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That is not consistent with a typical hospitality and leisure job-growth pattern. I have three kids working in that field, and the talk is not of robust job creation or lots of overtime. (By the way, my Tulsa readers should go to Los Cabos for some good Mexican food and leave my daughters Abigail and Amanda some really big tips! And make sure they get your name and address.)

Unemployment Went Down?

We were told that the unemployment number dropped from 9.7% to 9.5%. That’s a good thing, right? Well, no, not really. The number dropped because the number of people counted as being in the labor force dropped. If you haven’t looked for work for four weeks, you are not counted as unemployed. If you add those who were taken off the rolls back in, the unemployment number would have risen to 9.9%. In the past two months nearly one million people have dropped out of the labor market.

If you counted all the people who would take a job if they could find one as unemployed, the unemployment number would be closer to 11%. As an aside, if I have any real beef with the BLS over how they create their data, it is this last point. If you would take a job if you could get one, you should be counted as unemployed. Period.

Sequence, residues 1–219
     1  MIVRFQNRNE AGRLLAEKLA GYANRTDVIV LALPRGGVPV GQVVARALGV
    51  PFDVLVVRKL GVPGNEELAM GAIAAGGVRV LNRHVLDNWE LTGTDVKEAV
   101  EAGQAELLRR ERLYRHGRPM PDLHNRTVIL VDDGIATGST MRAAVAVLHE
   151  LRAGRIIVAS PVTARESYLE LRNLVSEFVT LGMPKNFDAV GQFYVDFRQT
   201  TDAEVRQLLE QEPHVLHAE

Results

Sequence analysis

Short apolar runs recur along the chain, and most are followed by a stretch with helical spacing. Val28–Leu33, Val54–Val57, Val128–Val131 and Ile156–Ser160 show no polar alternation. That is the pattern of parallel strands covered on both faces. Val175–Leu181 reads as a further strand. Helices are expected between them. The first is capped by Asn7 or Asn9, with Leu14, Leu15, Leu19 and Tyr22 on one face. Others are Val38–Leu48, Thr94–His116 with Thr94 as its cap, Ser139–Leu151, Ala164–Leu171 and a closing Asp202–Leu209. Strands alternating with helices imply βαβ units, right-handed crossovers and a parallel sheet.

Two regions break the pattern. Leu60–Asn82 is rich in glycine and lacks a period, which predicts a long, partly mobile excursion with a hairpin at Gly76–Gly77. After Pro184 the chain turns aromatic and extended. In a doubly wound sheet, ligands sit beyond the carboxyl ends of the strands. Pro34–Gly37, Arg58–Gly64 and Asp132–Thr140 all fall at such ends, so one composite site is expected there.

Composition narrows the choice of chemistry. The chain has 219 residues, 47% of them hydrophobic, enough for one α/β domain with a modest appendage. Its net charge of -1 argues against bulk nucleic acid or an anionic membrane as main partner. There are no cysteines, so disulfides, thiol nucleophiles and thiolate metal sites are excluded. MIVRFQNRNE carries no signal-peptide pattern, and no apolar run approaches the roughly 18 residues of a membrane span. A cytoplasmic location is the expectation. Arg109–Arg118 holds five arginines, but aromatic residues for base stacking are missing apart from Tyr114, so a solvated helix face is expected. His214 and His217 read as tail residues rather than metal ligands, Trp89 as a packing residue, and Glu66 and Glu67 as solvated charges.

The Household Survey was rather dismal. (This is where they call households and ask about their employment situation.) The survey showed a loss of 301,000 jobs, or 363,000 jobs if you adjust it to match the Establishment Survey. Not pretty.

Maybe a better way to look at unemployment is to look at the percentage of the total population that has a job. That number has been rising off and on for almost 50 years as more and more women have moved into the labor force. But notice the large drop over the last year – almost 5% of working people in the US have lost their jobs.

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The initial unemployment claims 4-week moving average stubbornly refuses to go down any further. It has essentially gone sideways for over 6 months.

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If you go back and look at the data from the last 45 years, the current level is typical of recessions.